The things that make our lives are so tenuous, so unlikely, that we barely come into being, barely meet the people we’re meant to love, barely find our way in the woods, barely survive catastrophe every day…Trace it far enough and this very moment in your life becomes a rare species, the result of a strange evolution, a butterfly that should already be extinct and survives by the inexplicabilities we call coincidence. The word is often used to mean the accidental but literally means to fall together. The pattern of our lives come from those things that do not drift apart but move together for a little while, like dancers. They come together in these moments that are the coupling of unseen forces, a generative warmth, a secret romance between the unknowns that are also our parents. — Rebecca Solnit
When I started my marathon journey blog, I wrote early on about an observation by Eric Meyer, whose young daughter had passed away. He remarked that after such catastrophes sometimes couples split up, but there is no formula or calculus to know which couples will make it and which won’t. “It isn’t strength that keeps a couple together in the face of crisis. It’s having the luck to remain compatible under the most extreme pressures,” he said. “Like any complex interaction between two complex systems, the outcome is fundamentally unpredictable.” It has to do with the series of moments of coincidence that make up the couple’s history and experience.
Not all the accidents in our lives that provide the things that fall together to make us are secret romances and warmth. Some of the accidents are catastrophes, misfortunes, and several are moments of decision, a moment to change everything and end a marriage, quit one’s job, or move across country. Those moments of decision are patterns and have a regularity, but they are also the results of all the things that barely happened to put us there, at that moment of decision. As Meyer and Solnit note, even these dramatic accidents are not alone sufficient to move a life in one way or another. There is always agency, always a series of moments of decision that give movement to those inexplicable coincidences.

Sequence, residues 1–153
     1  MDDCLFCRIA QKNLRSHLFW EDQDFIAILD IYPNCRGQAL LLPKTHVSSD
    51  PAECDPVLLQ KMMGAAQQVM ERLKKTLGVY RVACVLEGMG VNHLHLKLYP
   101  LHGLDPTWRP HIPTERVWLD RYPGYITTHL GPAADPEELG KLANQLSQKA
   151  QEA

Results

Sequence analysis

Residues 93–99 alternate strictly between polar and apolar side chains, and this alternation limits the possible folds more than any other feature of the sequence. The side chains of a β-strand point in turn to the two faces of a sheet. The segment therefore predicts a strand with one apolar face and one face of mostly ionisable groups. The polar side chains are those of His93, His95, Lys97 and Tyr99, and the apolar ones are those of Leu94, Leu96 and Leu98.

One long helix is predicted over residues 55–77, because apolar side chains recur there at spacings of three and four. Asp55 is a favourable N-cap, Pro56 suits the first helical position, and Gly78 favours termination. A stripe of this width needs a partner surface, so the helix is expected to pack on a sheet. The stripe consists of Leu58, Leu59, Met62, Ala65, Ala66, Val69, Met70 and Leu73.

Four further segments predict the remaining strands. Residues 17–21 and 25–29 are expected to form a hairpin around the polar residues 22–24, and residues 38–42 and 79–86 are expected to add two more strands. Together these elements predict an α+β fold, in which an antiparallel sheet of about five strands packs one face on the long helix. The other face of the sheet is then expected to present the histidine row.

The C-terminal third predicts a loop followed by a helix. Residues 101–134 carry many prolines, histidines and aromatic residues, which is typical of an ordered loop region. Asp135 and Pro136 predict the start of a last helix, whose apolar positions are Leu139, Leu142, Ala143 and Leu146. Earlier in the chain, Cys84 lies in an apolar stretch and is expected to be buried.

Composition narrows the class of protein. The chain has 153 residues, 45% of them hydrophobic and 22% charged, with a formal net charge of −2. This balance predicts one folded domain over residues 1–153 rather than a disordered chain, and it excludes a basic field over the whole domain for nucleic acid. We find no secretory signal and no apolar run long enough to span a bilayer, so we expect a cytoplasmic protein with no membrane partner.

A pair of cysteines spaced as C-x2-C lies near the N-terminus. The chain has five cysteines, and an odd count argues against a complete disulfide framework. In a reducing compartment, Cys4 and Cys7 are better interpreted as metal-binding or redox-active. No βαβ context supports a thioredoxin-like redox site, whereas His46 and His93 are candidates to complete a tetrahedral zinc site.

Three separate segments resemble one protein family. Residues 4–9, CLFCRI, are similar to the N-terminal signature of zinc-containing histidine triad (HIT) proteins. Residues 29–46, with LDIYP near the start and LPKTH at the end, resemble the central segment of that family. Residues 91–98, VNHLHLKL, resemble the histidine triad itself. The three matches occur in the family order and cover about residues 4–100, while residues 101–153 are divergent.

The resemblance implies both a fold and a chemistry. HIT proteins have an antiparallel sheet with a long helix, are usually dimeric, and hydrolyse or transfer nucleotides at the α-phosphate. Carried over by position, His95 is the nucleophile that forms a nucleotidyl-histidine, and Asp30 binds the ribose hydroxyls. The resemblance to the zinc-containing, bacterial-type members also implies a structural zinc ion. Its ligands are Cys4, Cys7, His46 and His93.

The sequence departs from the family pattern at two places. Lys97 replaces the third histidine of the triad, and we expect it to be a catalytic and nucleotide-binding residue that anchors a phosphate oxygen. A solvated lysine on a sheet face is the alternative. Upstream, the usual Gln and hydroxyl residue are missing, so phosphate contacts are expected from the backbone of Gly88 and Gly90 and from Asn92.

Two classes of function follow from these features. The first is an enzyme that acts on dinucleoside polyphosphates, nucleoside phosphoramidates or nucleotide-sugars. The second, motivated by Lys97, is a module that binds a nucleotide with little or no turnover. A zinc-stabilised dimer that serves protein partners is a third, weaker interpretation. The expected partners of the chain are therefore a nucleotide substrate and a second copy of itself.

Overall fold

During the process of my separation and divorce a supportive friend once told me her marriage was in shambles and she had been thinking of leaving for a long time, but either she didn’t have the courage or hadn’t yet arrived at the moment of decision to leave. She wasn’t sure why she hadn’t arrived there yet, because she was truly miserable. But the inexplicabilities of her life’s coincidences had taken her to a place that was not her moment of decision. For couples who do split up, the series of accidents and whether and when they lead to a split or not are ultimately unpredictable; frequently friends remark with surprise because the couple in question was one they thought would always hold together.
There is often nothing grand or dramatic or even particularly clear about the arrival of that moment in a marriage; it most often doesn’t arrive with fanfare or drama. Sometimes it arrives because of the accidents of catastrophes and misfortunes and other dramatic moments, but whether or not such catastrophes lead to a moment of decision and what direction that decision takes are fundamentally unpredictable. Rather, they contribute to the coupling of unseen forces of things that did not drift apart, but moved together for a while until that moment of decision was taken up.
Like other incredible events, the exquisite candid and fashion photographs of Frank Horvat often came about because of a coupling of unseen forces, patterns of moments that suddenly coalesced and made manifest a particular moment in time. Horvat’s trick was to carry a camera at all times, so he could increase his chances of capturing such inexplicable coincidences. Building a writing practice or a new career or a new love are all a coupling of coincidence and choice, combined with a decision to carry that camera.
We Americans in particular have a love-hate relationship with the deus ex machina of the story. Like the ancient Greek critics, we prefer for events to unfold neatly based on the statistical evidence available and the finite list of players on the stage, but we also love the flair of the dramatic outlier, the hero of the story taking the momentus choice that pulls everything together because of his grand act of courage, pulling the baby from the burning building at the last moment. We love to point to the singular moment, the momentus decision. The combination of predictability and momentus choice lets us swing between predictability and heroism; I think we crave both the tragic and heroic story. Unfortunately, I think building a writing practice, career, or love is neither. Ultimately, building love or a writing practice or a new career are more like a series of inexplicabilities combined with a series of small moments of decision. That means heroic acts of determination increase the odds of success, and events provide the necessary but not sufficient coincidence, but the outcome is fundamentally out of our control. What remains for us is whether or not we carry the camera.